Chesapeake PSR

Keeping up the pressure on bee-killing neonicotinoids in Maryland

Toxics and HealthLydia SullivanComment

Bee-killing neonicotinoids ("neonics") are still in the spotlight in Maryland. Last year, as you may remember, the Maryland General Assembly passed the Pollinator Protection Act (PPA), which requires warning labels on plants, seeds or nursery stock treated with neonic pesticides. It would also restrict sales of neonics to certified applicators, farmers or veterinarians.

What has been happening since then? A lot, it turns out.

New peer-reviewed studies continue to link increased bee population extinction rates to the use of neonicotinoids. And neonics are linked to a 40 percent reduction in bees' sperm counts. The evidence continues to grow that these pesticides are really bad for bees and - as bees are pollinators of dozens of food crops - for all of us.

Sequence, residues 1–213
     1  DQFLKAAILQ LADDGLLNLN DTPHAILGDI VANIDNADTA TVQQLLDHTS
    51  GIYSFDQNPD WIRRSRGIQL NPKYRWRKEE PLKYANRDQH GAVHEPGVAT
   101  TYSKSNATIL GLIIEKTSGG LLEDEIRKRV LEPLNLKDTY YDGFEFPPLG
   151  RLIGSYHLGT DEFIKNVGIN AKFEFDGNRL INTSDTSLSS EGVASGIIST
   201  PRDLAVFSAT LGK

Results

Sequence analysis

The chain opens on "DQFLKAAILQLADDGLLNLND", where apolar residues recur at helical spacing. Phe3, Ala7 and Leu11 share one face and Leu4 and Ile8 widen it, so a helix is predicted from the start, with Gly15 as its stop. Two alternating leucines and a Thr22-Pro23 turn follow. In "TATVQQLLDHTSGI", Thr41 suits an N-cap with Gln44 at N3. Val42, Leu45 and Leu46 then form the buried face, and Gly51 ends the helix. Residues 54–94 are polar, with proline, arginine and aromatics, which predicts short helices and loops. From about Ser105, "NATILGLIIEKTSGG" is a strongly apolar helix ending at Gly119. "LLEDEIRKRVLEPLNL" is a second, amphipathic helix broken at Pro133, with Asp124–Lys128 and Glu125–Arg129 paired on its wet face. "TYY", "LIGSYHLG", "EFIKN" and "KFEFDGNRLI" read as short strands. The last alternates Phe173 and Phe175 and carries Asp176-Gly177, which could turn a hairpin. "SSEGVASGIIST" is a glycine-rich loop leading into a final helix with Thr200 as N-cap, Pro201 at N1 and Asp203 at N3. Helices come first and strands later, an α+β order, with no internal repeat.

Maryland is out in front on this issue, but we can't let our guard down on protecting pollinators. There is still a problem. 

The PPA restricts only the sale of products containing neonics, not plants and seeds treated with the toxic pesticides. Some stores, such as Lowes and Home Depot, are removing neonicotinoid-treated plants and seeds from their inventories. 

What can you do to help this effort? Consider signing this petition urging Ace Hardware and other stores to stop selling plants treated with neonics.

Chesapeake PSR supports reducing the use of neonicotinoids in Maryland, and we will continue to update you on this and other important pesticide issues in the state.

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